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Books: Old Spanish Days: Santa Barbara History Through Public Art

Author Erin Graffy de Garcia Finds S.B.’s Spanish Soul


Although the Old Spanish Days celebration only runs for four days each year, visual reminders of the 19th-century era abound throughout the city year-round in the form of public art. Writer/historian Erin Graffy de Garcia has kindly sleuthed out the Fiesta-themed creations that pepper our town in her recent book, Old Spanish Days: Santa Barbara History Through Public Art.

“Santa Barbara loves, lives, breathes — dare I say — seeps history,” she writes in the introduction. “This is why you might find history where you least expect it: a public space, a restaurant, or even an office building is likely to blossom forth with some vestige of history preserved on a canvas, painted on a wall, flashed in a weathervane, captured in a tile mural, or enshrined in a frieze on a courtyard eave.”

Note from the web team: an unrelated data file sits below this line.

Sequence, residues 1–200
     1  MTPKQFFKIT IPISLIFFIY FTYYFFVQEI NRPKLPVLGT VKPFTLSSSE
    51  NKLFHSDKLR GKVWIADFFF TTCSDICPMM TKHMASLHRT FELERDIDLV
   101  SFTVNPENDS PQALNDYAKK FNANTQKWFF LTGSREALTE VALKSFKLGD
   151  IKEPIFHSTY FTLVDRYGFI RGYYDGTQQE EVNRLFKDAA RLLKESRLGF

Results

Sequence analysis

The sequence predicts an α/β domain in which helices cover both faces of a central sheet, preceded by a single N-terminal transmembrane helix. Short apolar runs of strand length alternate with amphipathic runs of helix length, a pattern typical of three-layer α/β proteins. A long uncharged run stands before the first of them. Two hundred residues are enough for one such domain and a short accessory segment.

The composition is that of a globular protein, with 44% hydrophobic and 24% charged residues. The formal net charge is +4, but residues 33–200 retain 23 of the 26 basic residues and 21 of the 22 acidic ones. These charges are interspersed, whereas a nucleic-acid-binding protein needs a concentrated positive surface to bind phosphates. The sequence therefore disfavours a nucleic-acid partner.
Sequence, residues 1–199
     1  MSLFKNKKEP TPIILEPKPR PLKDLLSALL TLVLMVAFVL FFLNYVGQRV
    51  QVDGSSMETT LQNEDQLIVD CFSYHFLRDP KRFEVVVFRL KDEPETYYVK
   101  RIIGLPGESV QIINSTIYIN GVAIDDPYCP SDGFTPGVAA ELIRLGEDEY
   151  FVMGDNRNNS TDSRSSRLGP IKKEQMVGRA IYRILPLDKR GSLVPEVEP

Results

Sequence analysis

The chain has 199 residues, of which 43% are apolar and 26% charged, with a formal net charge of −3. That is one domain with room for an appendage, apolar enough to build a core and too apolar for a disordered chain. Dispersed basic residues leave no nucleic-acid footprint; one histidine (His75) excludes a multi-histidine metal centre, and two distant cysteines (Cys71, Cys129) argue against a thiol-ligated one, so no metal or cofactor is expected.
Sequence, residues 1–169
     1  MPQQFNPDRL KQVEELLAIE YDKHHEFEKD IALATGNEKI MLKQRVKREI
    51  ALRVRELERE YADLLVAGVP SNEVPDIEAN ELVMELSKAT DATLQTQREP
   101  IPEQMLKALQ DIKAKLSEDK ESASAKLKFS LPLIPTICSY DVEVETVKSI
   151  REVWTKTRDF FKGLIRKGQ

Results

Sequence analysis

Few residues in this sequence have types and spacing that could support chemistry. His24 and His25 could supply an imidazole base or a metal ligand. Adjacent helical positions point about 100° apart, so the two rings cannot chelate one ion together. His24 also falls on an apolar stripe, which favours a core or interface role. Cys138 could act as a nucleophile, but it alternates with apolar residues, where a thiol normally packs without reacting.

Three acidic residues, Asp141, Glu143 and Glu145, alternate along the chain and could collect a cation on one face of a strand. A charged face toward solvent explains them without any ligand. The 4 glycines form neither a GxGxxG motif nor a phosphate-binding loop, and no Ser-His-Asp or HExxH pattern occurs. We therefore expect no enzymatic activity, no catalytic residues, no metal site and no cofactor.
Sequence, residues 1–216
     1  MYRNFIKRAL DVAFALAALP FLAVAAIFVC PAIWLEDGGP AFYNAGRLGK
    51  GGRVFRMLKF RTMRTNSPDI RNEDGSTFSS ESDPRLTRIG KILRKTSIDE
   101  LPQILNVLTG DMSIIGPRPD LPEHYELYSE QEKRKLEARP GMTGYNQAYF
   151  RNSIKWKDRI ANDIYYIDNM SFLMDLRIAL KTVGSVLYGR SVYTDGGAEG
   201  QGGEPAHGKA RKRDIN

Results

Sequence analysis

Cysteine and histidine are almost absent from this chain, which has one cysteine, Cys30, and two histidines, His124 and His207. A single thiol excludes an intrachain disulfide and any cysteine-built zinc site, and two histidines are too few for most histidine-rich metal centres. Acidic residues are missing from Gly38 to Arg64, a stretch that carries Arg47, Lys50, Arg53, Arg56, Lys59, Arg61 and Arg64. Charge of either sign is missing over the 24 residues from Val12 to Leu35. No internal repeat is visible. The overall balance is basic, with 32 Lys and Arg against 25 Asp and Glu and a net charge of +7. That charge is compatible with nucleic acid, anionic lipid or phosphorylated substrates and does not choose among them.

Graffy de Garcia has found reminders of those halcyon days both tucked into the unlikeliest spaces and splayed out in iconic glory. For example, there is a tile mural that depicts Don Juan Rodríguez Cabrillo’s beach landing of 1542 at restaurant El Torito (29 E. Cabrillo Blvd.); paintings of cowmen and folks in Spanish dress at the Santa Barbara County Courthouse (1100 Anacapa St.); a bas-relief medallion of Saint Barbara over a doorway downtown (14 E. Carrillo St.); a painted detail of a Spanish rider on a rearing horse at Paradise Café (702 Anacapa St.); and a mural portraying the dances of Spain and Mexico at the Arlington Theatre (1317 State St.).

Old Spanish Days is our city’s equivalent to Hollywood’s “Star Maps.” Pick up a copy and take a delightful tour through the streets of Santa Barbara and back in time.

Old Spanish Days: Santa Barbara History Through Public Art is available at Chaucer’s Books and the S.B. Historical Museum.

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